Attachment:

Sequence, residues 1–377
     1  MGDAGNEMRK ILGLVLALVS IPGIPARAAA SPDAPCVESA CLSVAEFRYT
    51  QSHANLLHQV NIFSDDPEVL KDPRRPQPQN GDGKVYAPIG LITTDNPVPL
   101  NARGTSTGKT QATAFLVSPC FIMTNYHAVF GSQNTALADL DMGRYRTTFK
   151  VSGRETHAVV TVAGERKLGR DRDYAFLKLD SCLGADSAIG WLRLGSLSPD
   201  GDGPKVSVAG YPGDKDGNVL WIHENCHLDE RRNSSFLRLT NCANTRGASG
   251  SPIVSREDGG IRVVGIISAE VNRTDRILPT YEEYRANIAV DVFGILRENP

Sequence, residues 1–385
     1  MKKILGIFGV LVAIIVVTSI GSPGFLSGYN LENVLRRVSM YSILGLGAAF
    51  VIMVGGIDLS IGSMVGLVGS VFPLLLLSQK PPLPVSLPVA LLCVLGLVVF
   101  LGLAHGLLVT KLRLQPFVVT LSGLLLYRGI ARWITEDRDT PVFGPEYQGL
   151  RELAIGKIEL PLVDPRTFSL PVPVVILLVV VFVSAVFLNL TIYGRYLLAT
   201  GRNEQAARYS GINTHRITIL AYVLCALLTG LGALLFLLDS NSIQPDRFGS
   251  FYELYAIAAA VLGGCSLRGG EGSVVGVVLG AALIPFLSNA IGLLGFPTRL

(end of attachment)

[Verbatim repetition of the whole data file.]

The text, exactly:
Sequence, residues 1–377
     1  MGDAGNEMRK ILGLVLALVS IPGIPARAAA SPDAPCVESA CLSVAEFRYT
    51  QSHANLLHQV NIFSDDPEVL KDPRRPQPQN GDGKVYAPIG LITTDNPVPL
   101  NARGTSTGKT QATAFLVSPC FIMTNYHAVF GSQNTALADL DMGRYRTTFK
   151  VSGRETHAVV TVAGERKLGR DRDYAFLKLD SCLGADSAIG WLRLGSLSPD
   201  GDGPKVSVAG YPGDKDGNVL WIHENCHLDE RRNSSFLRLT NCANTRGASG
   251  SPIVSREDGG IRVVGIISAE VNRTDRILPT YEEYRANIAV DVFGILRENP

Sequence, residues 1–385
     1  MKKILGIFGV LVAIIVVTSI GSPGFLSGYN LENVLRRVSM YSILGLGAAF
    51  VIMVGGIDLS IGSMVGLVGS VFPLLLLSQK PPLPVSLPVA LLCVLGLVVF
   101  LGLAHGLLVT KLRLQPFVVT LSGLLLYRGI ARWITEDRDT PVFGPEYQGL
   151  RELAIGKIEL PLVDPRTFSL PVPVVILLVV VFVSAVFLNL TIYGRYLLAT
   201  GRNEQAARYS GINTHRITIL AYVLCALLTG LGALLFLLDS NSIQPDRFGS
   251  FYELYAIAAA VLGGCSLRGG EGSVVGVVLG AALIPFLSNA IGLLGFPTRL